REPORT ON RECENT APPELLATE DEVELOPMENTS
[Posted December 19, 2012] Heres a quick read on several newsworthy items in the appellate world as 2012 draws all too speedily to a close.
Former Solicitor General passes away
In addition to his time in the Justice Department, Bork served for six years on the Court of Appeals for the DC Circuit, and his tenure at Yales law school included some time at the lectern in front of a couple of students named Rodham and Clinton.
A bludgeoning from the Court of Appeals
Make no mistake about it; I love what I do for a living. Even the time-consuming process of reading and analyzing appellate opinions presents a novel challenge each day; the constant variety of sports in the appellate arena is just icing on the cake.
But every so often, I see an opinion that causes me to wince as I read it; often repeatedly. Usually I do so when I see opinions that point out meritorious but waived arguments; often these decisions involve sharp rebukes to the lawyers who handled a given case. (Some appellate jurists half-jokingly refer to such admonishments as bench-slaps.) Yesterdays decision in Sutphin v. Commonwealth constituted just about the longest 6½ pages Ive ever read. It begins with this sentence, which tells you clearly that the thunderclouds are gathering on the horizon: Despite the fact that the evidence is clearly insufficient for the offense charged, . . . we must nevertheless affirm the judgment of the trial court.
Sutphin was charged with a particular form of perjury he was alleged to have given divergent testimony about the same topic on two different occasions. This is different from plain-vanilla perjury, for which you need two witnesses or one witness plus corroboration. His sin was in stating in open court, in the course of a probation hearing, that he was duly employed. He knew (as his former boss testified) that he had been fired two days earlier.
End of case, right? He made a materially false statement, and his boss corroborated it, but thats only one witness. But lets go back to the indictment, which specifies exactly what the defendant is being charged with: the two-testimony variety of perjury. The evidence here establishes that the erstwhile employee testified only once. Hes not-bloody-guilty.
Except this fact somehow escaped prosecutor, defense lawyer, and trial judge. It even escaped the notice of both appellate lawyers assigned to the case. Behold, from page 2: apparently neither party was aware of the actual charge brought in the indictment until it was brought to the attention of the parties by this Court during oral argument. This, we can agree, is the wrong time and the wrong place for a case-dispositive issue to surface.
The court affirmed yesterday, as I telegraphed above, despite the panels clear distaste for such an outcome. On appeal, Sutphin assigned error to the trial courts failure to require corroboration from two witnesses, despite the fact that the two-testimony variety of perjury doesnt require any corroboration at all. The court rules that the assignment of error identifies a ruling that the trial court clearly got right, without identifying the plain-view part that it got wrong. The court declines to apply the ends-of-justice exception to the contemporaneous-objection rule because Sutphin never asked for it. The courts precedent is clear; it wont apply this exception sua sponte. You have to ask, and Sutphin didnt.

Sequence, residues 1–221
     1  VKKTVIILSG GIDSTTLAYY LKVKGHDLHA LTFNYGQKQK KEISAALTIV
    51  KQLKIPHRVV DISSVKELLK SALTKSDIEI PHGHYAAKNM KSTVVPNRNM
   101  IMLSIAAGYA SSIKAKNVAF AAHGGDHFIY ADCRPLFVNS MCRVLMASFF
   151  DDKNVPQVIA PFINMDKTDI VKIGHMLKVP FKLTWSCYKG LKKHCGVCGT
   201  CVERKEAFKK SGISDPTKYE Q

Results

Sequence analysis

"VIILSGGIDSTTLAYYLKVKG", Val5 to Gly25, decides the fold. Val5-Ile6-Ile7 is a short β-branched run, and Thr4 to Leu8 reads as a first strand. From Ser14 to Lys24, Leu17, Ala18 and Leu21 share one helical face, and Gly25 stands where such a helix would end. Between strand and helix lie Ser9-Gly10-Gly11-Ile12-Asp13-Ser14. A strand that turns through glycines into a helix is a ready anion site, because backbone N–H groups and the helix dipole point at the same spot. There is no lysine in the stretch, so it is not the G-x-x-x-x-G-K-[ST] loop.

There is a closing footnote that instructs Sutphin on the proper spelling of the Latin term habeas corpus, should he choose to pursue an avenue that seems highly likely to succeed.
Finally, the court expresses its frustration with this situation in a scathing footnote earlier in the opinion. It hurt my eyes to read it, so I wont go through that ordeal again; I will, however, copy and paste it here, so the appellate rubber-neckers among you can view the carnage:
It would seem obvious that a prosecutor, in drafting an indictment, would ensure that the indictment conformed to the proof he or she expected to present and seek an amendment if a material variance from the evidence developed during trial, and it would seem equally obvious that in defending someone charged with a crime, any defense should logically begin with a review of the indictment since that document frames the charge and its elements that must be proved, yet neither apparently occurred in this case. After our decision today, the issue of whether Sutphin committed perjury remains an open question but what is clear is that neither his trial nor this appeal has been fair by any objective standard. Our system of justice necessarily fails in its purpose when attorneys who are oathbound to champion the cause of the public or their individual clients, prepare so inadequately to do so. This case provides a vivid example of such a failure.
Pending rule changes
Appellate courts holiday closings
The Supreme Court of Virginia and the Court of Appeals of
The Fourth Circuit will also be closed December 24-25 and January 1, but theyll be open on New Years Eve. That office will also be closed January 21.
One last point: If you have to file something with your local trial courts clerk, that clerk will probably adhere to the same schedule as set forth above. But you should call to make sure; if you have something to file in the local court (a notice of appeal or an appeal bond, for example), and that court is open on a given day when the appellate clerk is closed, you don’t get the extension. Of course, you shouldnt play with deadlines anyway; you should always file early.